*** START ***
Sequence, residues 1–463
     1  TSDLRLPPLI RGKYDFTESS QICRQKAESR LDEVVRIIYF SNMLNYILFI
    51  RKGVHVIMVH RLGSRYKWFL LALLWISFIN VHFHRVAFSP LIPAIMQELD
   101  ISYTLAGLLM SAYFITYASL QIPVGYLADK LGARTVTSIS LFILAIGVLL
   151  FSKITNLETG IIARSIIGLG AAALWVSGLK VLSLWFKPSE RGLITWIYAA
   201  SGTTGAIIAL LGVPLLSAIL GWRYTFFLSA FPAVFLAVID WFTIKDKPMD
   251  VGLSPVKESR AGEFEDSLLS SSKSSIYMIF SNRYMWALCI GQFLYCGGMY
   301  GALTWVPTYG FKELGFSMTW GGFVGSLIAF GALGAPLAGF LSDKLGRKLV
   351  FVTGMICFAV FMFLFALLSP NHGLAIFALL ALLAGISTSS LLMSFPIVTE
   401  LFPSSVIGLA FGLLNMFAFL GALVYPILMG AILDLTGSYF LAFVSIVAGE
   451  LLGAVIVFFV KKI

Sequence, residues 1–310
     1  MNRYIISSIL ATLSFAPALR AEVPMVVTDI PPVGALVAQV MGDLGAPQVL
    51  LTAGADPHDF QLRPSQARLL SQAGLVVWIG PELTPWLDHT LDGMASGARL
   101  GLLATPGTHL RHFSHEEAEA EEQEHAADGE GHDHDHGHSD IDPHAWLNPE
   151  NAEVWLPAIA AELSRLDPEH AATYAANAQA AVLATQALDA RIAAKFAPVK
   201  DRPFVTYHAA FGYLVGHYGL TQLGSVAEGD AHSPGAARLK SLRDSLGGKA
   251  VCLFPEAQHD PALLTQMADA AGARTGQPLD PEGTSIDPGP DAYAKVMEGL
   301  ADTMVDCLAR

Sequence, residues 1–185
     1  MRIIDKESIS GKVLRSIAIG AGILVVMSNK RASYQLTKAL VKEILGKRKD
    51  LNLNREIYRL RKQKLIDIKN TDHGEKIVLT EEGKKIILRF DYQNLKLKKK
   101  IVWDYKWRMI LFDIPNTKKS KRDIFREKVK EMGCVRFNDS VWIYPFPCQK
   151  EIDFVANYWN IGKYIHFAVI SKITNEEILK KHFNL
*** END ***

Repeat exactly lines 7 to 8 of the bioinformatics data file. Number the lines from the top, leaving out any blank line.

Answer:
   251  VGLSPVKESR AGEFEDSLLS SSKSSIYMIF SNRYMWALCI GQFLYCGGMY
   301  GALTWVPTYG FKELGFSMTW GGFVGSLIAF GALGAPLAGF LSDKLGRKLV